Leak detection in pressurized devices the sensitive test

September 3, 2020


Devices operating above atmospheric pressure, such as valves for the oil and gas industry, are an important application of leak detection. Other uses include checking the leak integrity of containers holding biological and nuclear substances, and even the performance of car tyres. Here's a quick overview of the sensitive test of a helium checker — fundamental to leak detection in pressurized devices.

Sensitive test of a helium checker

There are many methods of leak detection, such as a bubble test or pressure drop test, but none can compete with the sensitivity and the ability to pinpoint a leak that a Helium leak checker can offer. Additionally, a helium instrument allows for both quantitative and qualitative measurements.

A helium or, more precisely, a Helium 4 leak detector is essentially a tuned mass spectrometer which detects this gas and has the further option of identifying Helium 3 (used in cryogenics) and hydrogen. The unit has appropriate pumps supplied making it portable, with only mains electricity required. The unit is extremely sensitive to helium.

Investigating leaks in these circumstances can involve both a qualitative and a quantitative approach and just as in vacuum applications a helium leak detector is essential. Depending on the specification, leaks rates below 10-6 mbar l/s are frequently required. Helium leak checkers with an ultimate sensitivity of 10-12 mbar l/s offer the most accurate solution.

Why we use helium as the search gas

There are several key benefits of using Helium as the search gas:

  • It is non-toxic
  • Relatively low cost
  • Only 5 ppm occurs naturally in air 
  • It is one of the smallest atoms, so small leaks can be investigated
  • It is a low-density gas which disperses easily

Two ways of using the helium leak detector

The schematic below shows the leak checker operating in a quantitative, or integral mode, to determine the total leak rate of a component. This value will determine the overall lifetime, say, of containers for hazardous gases and liquids. In the case of car tyres, in general their pressure is not checked on a regular basis. Thus, the correct leak rate will ensure the pressure loss is sufficiently low over a period of several months to guarantee that there are no safety issues.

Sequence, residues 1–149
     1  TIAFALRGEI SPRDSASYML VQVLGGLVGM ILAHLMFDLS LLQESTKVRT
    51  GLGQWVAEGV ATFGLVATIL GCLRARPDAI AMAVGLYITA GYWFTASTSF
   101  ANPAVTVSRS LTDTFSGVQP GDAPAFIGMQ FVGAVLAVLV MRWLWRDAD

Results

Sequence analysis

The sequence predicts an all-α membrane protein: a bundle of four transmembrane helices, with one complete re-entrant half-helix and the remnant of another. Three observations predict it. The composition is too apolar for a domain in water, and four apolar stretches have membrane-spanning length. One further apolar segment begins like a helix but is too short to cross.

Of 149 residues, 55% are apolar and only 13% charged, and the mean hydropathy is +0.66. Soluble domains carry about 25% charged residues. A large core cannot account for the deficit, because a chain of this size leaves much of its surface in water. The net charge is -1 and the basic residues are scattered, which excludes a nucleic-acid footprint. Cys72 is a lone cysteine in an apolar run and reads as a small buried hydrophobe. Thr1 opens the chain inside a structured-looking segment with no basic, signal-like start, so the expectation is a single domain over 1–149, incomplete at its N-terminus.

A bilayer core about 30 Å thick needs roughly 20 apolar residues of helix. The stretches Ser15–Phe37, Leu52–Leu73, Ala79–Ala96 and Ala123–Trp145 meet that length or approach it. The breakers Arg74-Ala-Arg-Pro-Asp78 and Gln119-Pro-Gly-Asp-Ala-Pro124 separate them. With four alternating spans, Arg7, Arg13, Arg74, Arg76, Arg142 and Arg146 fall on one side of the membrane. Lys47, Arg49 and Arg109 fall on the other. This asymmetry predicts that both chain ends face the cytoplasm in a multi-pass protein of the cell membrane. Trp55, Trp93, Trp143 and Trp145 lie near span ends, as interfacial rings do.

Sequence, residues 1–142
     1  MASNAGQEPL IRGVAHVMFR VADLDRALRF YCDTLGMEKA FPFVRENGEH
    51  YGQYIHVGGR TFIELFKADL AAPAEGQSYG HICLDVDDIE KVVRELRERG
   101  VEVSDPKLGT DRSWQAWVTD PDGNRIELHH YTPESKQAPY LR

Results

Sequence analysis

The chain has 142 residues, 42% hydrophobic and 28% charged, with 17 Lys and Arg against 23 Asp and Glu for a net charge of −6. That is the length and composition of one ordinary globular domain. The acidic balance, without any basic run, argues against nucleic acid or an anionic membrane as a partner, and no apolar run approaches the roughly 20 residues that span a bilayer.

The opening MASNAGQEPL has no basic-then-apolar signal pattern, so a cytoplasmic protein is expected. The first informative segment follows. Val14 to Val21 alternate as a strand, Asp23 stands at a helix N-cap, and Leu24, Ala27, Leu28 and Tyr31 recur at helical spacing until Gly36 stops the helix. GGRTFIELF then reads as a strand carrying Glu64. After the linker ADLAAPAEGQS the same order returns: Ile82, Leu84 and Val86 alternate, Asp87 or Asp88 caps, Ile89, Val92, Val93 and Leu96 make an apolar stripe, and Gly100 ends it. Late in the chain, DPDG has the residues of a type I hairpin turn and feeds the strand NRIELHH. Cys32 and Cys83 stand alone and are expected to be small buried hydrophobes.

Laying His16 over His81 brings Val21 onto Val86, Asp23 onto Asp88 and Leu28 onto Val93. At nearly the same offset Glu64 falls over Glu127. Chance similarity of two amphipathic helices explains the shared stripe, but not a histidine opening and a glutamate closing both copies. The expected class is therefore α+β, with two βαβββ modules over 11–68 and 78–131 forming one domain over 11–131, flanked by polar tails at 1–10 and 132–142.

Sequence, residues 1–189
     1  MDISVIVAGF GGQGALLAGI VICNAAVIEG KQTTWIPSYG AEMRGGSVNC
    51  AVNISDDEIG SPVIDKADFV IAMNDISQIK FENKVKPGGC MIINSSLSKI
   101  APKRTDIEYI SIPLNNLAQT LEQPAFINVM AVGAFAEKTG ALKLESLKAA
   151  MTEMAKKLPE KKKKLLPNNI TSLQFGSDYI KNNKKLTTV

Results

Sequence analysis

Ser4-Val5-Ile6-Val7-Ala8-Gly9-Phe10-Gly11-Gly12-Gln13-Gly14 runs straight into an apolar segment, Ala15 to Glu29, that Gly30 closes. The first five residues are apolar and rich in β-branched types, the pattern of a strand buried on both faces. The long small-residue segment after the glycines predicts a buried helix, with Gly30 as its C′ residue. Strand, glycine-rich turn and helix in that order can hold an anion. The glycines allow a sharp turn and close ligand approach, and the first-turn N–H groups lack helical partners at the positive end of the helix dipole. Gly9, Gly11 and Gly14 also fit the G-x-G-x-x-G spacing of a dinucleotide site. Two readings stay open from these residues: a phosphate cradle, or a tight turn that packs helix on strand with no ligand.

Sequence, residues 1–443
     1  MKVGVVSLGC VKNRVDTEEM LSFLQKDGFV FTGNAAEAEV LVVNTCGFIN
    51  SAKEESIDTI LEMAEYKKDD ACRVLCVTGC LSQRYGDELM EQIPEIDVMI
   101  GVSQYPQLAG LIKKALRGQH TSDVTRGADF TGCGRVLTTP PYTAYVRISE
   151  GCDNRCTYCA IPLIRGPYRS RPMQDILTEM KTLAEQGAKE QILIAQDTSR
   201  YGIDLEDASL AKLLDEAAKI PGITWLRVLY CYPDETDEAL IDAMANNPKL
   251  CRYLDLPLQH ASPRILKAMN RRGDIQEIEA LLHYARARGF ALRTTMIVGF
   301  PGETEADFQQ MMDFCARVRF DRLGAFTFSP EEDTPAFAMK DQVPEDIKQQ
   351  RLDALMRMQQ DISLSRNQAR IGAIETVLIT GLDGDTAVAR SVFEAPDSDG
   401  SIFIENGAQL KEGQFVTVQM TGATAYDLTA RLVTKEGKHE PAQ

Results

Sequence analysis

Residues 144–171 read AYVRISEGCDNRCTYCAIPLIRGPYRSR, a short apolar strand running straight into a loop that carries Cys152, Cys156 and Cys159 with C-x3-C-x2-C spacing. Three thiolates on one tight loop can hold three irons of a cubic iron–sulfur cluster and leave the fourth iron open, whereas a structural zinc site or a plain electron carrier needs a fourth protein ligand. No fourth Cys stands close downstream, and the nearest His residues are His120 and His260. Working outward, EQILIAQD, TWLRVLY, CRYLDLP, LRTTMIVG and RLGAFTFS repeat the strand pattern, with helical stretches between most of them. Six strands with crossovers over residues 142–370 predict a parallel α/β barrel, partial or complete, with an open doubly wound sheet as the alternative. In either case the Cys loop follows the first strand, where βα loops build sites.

Overpressure Method Integral Detection

You will notice that depending on the size of the test chamber, additional pumps might be required to pump the chamber to below 10-3 mbar and to ensure the unit is operating at its most sensitive range. However, this means not all the helium is detected by the leak checker. To determine the correct leak rate, the pumping ratios of the leak detector and chamber pumps must be factored in to give an accurate reading. 
If the component is of sufficient value to warrant re-working, the actual leaks can be determined by operating the detector in what is known as “sniffer mode,” using a sniffer attached to the inlet port of the leak detector and pressuring the component with helium. The illustration below gives a typical set up:

Overpressure Method Local Detection

In this mode, a probe with a small orifice is connected to the inlet of the leak detector by a flexible vacuum hose, typically 4 m in length. The size of the orifice governs the flow of detected helium so that the inlet pressure to the instruments is kept below 10-3 mbar, allowing accurate measurements of leak rates. This has the following advantages:

  • Exact location of leaks is determined
  • It performs in a qualitative mode
  • No additional pumps are required 
  • Actual flow out of the object is measured, simulating real leakage from the device

A sniffer with an additional pump allows a hose length of 20 m in length

You will notice that the minimum detection level in this case is 1x10-7 mbar l/s. This is a consequence of air having a natural concentration of 5 ppm of helium, which gives a less sensitive detection level than the local mode described previously. However, this can be acceptable for many applications.


Leak detector 101

Download our e-Book "Fundamentals of Leak Detection" to discover leak detection essentials and techniques.


Leybold employee

Let's talk

We focus on customer proximity. Contact us for all your questions.

Contact us